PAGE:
He looked me in the eye, held out his arm and slowly motioned his hand towards the floor.
Here, one of the captains of the publishing world - a Prince of Print - was explaining to me in unequivocal terms where he saw newspapers going.
“Down, down, down. It’s just too late for many of them,” he said.
Most would agree. As the way society connects has screamed ahead online, the newspaper industry has been left behind. Newspapers are now emblematic of life pre-Apple.
But is the show really over? Are newspapers as we know them doomed? Is it too late to save print?
Plummeting circulations across much of the western world would indicate so.
In Australia, total audience measurements paint a rosy picture of how big media groups are faring across platforms. In isolation, print numbers make for depressing reading.
As a former editor of daily newspapers, I was generally confident that hard work in the newsroom could bring a circulation dividend. That was not long ago. But, today, not even Moses could put a dent in the sea of red circ numbers.
This was never going to end well.
"I don't care what you tell me, what you show me, I don't believe this is going to work." And with that one statement, Houston, we had a problem.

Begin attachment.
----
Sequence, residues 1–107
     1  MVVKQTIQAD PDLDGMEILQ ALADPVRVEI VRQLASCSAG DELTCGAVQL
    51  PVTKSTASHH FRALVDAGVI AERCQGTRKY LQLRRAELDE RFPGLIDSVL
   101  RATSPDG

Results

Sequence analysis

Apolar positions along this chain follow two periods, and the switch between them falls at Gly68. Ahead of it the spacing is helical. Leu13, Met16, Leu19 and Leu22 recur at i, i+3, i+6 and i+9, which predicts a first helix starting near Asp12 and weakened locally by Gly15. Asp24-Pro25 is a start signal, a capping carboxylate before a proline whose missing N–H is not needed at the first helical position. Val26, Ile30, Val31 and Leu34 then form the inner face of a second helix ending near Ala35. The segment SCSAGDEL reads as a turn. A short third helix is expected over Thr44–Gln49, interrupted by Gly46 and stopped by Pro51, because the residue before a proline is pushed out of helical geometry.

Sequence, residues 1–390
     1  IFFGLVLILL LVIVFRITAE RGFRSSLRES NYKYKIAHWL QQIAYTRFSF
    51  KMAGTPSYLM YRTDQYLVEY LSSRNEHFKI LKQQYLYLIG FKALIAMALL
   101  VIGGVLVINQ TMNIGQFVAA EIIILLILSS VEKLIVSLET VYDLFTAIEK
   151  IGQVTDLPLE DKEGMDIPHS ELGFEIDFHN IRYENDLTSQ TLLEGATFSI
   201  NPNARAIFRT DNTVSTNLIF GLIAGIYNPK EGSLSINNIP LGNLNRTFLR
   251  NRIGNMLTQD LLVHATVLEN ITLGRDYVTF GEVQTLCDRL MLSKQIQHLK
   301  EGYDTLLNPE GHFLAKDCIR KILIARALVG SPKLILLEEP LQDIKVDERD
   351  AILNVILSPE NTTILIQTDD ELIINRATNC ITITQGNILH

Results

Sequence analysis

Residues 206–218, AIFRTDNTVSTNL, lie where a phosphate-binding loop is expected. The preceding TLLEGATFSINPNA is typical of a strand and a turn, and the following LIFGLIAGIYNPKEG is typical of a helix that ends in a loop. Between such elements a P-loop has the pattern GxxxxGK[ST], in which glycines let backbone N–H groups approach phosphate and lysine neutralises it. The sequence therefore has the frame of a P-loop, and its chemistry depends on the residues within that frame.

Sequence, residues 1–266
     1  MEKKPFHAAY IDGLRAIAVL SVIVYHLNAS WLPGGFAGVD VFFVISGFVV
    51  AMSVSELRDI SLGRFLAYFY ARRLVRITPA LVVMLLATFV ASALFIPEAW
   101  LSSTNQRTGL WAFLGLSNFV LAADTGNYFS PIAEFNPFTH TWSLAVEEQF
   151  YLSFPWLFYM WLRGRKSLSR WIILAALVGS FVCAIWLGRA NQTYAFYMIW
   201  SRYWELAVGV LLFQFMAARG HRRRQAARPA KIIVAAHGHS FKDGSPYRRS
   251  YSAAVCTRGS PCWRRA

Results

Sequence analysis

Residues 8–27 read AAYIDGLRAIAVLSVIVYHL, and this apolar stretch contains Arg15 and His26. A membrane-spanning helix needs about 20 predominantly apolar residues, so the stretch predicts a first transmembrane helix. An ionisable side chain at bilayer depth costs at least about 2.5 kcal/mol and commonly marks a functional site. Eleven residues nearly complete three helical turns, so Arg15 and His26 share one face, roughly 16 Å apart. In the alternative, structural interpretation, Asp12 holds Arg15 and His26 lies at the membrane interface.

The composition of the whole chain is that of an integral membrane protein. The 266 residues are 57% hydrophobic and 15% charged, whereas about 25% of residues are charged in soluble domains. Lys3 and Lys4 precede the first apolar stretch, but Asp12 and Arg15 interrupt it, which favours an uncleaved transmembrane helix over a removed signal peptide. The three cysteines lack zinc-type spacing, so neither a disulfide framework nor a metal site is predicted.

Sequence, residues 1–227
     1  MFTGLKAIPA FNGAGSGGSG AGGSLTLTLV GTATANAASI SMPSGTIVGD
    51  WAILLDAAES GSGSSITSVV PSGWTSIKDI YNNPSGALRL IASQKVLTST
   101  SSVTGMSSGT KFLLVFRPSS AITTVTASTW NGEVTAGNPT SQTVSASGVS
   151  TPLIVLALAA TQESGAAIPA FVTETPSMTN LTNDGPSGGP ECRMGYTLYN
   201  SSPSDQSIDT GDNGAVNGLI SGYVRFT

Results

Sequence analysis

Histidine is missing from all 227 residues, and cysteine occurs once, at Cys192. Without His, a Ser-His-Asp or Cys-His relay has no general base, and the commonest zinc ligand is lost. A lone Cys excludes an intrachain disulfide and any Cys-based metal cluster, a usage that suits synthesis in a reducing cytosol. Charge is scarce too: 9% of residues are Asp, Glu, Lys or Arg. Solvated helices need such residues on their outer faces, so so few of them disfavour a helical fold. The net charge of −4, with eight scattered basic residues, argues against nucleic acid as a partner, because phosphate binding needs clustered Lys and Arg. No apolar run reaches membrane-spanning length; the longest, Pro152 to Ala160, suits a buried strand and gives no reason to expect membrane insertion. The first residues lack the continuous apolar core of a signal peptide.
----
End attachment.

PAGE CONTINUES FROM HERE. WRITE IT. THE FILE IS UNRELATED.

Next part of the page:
The subject matter was a major editorial transformation project. It was bold, innovative and high risk. It was also absolutely necessary. Unfortunately, this senior executive wasn't having a bar of it. Deep down it rattled her values.
In the end, she stepped out of the way of the juggernaut of change that was bearing down on her and her newsroom. She was an editor with deep experience, wide respect - an honourable person. But without her leadership, without her belief in the project, it was destined to fail.
This tale is sadly a typical one of why editorial change programs fail - captured here in what I refer to as the Seven Deadly Sins of Transformation.
Stuart Howie is a Canberra-based communications consultant. He has worked with organisations, private and public, in Australia and New Zealand, helping them to discover, shape and tell their stories. He is the author of The DIY Newsroom, which won Social Media Book of the Year at the Australian Business Book Awards. Stuart has worked in media, publishing and communications for more than 30 years as an executive, editor and strategist.